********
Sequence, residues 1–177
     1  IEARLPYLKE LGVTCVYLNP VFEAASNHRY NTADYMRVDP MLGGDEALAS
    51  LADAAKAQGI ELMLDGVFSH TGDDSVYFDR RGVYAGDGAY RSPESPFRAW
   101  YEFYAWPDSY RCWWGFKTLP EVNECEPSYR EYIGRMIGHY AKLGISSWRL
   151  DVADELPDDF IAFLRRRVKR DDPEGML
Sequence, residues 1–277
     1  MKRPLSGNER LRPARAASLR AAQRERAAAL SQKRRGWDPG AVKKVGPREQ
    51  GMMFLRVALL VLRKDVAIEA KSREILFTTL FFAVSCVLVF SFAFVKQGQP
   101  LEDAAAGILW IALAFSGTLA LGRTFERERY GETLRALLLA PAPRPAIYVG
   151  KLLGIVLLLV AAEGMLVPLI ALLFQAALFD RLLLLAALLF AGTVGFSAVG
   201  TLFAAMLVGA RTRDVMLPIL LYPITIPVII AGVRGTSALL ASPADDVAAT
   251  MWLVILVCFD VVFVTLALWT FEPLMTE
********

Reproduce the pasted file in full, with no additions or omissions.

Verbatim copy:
Sequence, residues 1–177
     1  IEARLPYLKE LGVTCVYLNP VFEAASNHRY NTADYMRVDP MLGGDEALAS
    51  LADAAKAQGI ELMLDGVFSH TGDDSVYFDR RGVYAGDGAY RSPESPFRAW
   101  YEFYAWPDSY RCWWGFKTLP EVNECEPSYR EYIGRMIGHY AKLGISSWRL
   151  DVADELPDDF IAFLRRRVKR DDPEGML
Sequence, residues 1–277
     1  MKRPLSGNER LRPARAASLR AAQRERAAAL SQKRRGWDPG AVKKVGPREQ
    51  GMMFLRVALL VLRKDVAIEA KSREILFTTL FFAVSCVLVF SFAFVKQGQP
   101  LEDAAAGILW IALAFSGTLA LGRTFERERY GETLRALLLA PAPRPAIYVG
   151  KLLGIVLLLV AAEGMLVPLI ALLFQAALFD RLLLLAALLF AGTVGFSAVG
   201  TLFAAMLVGA RTRDVMLPIL LYPITIPVII AGVRGTSALL ASPADDVAAT
   251  MWLVILVCFD VVFVTLALWT FEPLMTE